• Missing param without which it doesn't work (at least in SBCL) which leaves us with "(defun g (p) (equal p (reverse p)))" (35 characters (your 28 is actually 34). You can get it down to 32 by removing unnecessary whitespace: "(defun g(p)(equal p(reverse p)))". All require p to be a string. – John Jan 8 '09 at 6:24
  • No, they don't. reverse works on any sequence, equal works on strings, bit vectors, and conses (lists), among others that are not interesting with respect to a palindrome. – Svante Jan 23 '09 at 4:53
  • 1
    Since Common Lisp is a lisp-2, you could write it like this: (defun p(p)(equal p(reverse p))) :o) – Svante Jan 23 '09 at 4:56

I'll take it a little bit further: full c code, compile and go.

90 characters

main(int n,char**v){char*b,*e;b=e=v[1];while(*++e);for(e--;*b==*e&&b++<e--;);return b>e;}

F# (a lot like the C# example)

let p s=let i=0;let l=s.Length;while(++i<l)if(s[i]!=[l-i-1]) 0; 1;;


function p($s){return $s==strrev($s);} // 38 chars

or, just

$s==strrev($s); // 15 chars
  • the 15 chars would work but it needs to be in a function def – Claudiu Oct 23 '08 at 11:38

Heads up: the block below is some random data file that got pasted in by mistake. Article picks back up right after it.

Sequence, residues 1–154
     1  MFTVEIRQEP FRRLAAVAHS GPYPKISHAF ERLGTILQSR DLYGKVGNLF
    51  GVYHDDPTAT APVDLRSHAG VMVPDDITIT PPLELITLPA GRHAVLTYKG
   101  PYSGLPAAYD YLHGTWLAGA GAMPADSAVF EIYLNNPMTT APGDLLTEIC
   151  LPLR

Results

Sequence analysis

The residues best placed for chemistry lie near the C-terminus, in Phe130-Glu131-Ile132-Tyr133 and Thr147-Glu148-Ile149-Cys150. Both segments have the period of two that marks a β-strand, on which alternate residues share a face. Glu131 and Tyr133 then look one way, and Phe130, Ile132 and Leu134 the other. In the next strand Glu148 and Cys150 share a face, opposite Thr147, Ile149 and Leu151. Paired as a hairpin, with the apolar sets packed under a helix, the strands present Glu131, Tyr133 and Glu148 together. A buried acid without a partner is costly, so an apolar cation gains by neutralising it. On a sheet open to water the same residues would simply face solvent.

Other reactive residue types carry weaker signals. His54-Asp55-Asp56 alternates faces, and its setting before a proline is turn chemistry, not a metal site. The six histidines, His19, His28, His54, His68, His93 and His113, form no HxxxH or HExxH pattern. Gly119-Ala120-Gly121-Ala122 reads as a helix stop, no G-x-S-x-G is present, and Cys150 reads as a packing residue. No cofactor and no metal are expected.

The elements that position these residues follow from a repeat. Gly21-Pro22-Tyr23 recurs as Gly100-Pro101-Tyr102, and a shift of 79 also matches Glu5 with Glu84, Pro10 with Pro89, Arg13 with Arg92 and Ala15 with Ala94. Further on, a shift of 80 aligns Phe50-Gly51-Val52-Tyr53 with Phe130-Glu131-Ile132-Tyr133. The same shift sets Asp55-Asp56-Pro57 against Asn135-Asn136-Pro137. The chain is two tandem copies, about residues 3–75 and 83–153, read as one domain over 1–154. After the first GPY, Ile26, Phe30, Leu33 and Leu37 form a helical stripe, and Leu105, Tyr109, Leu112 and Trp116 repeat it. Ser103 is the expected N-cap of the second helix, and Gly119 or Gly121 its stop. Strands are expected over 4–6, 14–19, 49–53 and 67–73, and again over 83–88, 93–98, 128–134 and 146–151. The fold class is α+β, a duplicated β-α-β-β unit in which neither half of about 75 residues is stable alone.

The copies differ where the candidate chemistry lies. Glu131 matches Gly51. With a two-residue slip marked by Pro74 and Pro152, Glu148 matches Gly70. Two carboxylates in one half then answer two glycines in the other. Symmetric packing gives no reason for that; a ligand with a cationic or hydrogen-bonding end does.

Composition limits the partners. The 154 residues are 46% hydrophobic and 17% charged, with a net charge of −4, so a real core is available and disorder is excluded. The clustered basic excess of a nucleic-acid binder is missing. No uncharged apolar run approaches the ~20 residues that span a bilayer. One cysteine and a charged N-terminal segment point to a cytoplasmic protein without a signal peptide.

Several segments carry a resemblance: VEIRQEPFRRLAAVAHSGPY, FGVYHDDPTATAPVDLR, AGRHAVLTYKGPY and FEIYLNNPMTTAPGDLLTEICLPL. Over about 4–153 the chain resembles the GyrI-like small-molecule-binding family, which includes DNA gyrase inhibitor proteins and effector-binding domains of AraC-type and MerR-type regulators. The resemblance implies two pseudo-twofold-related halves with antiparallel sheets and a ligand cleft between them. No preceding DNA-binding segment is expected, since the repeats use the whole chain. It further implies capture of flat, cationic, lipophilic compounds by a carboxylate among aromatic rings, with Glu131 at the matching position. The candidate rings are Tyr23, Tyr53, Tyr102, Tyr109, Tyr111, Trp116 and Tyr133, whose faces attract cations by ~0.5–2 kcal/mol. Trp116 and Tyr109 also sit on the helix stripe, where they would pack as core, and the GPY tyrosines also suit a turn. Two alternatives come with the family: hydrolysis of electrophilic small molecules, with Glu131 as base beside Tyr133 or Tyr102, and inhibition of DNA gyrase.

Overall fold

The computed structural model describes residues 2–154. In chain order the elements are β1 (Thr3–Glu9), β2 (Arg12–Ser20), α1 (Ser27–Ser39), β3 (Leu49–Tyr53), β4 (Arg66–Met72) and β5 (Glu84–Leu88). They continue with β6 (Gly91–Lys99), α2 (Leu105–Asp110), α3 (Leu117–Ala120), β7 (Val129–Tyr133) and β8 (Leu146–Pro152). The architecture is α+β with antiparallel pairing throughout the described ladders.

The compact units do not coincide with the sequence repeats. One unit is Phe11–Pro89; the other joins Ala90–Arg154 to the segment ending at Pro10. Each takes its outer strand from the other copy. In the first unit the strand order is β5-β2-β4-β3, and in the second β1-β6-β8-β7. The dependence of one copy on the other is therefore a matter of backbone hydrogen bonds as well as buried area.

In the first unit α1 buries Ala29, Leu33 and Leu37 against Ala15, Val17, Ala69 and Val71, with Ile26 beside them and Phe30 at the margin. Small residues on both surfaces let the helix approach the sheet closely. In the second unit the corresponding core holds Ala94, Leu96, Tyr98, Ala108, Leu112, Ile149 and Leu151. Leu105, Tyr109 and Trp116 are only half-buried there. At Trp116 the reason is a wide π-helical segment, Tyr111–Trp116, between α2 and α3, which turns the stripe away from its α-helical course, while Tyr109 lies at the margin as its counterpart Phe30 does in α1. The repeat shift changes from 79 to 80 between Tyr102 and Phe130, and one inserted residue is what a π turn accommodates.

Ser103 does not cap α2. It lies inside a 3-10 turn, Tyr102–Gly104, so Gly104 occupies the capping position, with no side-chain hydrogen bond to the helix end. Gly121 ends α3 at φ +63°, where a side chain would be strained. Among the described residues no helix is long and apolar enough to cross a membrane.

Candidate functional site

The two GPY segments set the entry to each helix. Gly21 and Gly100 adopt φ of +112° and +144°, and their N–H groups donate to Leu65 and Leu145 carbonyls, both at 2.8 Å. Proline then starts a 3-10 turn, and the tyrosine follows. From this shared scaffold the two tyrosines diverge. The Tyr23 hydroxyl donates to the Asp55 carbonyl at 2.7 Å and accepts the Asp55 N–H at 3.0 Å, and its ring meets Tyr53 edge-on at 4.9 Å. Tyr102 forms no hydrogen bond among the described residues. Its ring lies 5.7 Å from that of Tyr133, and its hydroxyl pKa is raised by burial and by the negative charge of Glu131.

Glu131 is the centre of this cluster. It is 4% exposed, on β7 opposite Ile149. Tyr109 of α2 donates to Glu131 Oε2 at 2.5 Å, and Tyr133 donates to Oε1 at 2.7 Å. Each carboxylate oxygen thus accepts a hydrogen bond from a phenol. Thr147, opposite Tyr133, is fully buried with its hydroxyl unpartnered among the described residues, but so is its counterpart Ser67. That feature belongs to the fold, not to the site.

Isn't using the reverse function in your language kind of cheating a bit? I mean, looking at the Ruby solution give as

def p(a)a==a.reverse end

you could easily rewrite that as

def p(a)a==a.r end

and just say that you made an extension method in your code so that "r" called reverse. I'd like to see people post solutions that don't contain calls to other functions. Of course, the string length function should be permitted.

Ruby without reverse - 41 characters

def m(a)a==a.split('').inject{|r,l|l+r}end

VB.Net - 173 Chars

Function P(ByVal S As String) As Boolean
    For i As Integer = 0 To S.Length - 1
        If S(i) <> S(S.Length - i - 1) Then
            Return False
        End If
    Return True
End Function
  • you could make it a bit shorter by putting the return false at the end of the if statement and deleting the end if. – osp70 Oct 24 '08 at 15:35
  • 3
    Not, that's not cheating, as long as reverse is part of the standard distribution (but it advantage languages with rich libraries). Note that Lua cannot access individual chars out of strings without library! The extension argument doesn't stand, because the code is supposed to work out of the box. – PhiLho Oct 25 '08 at 8:42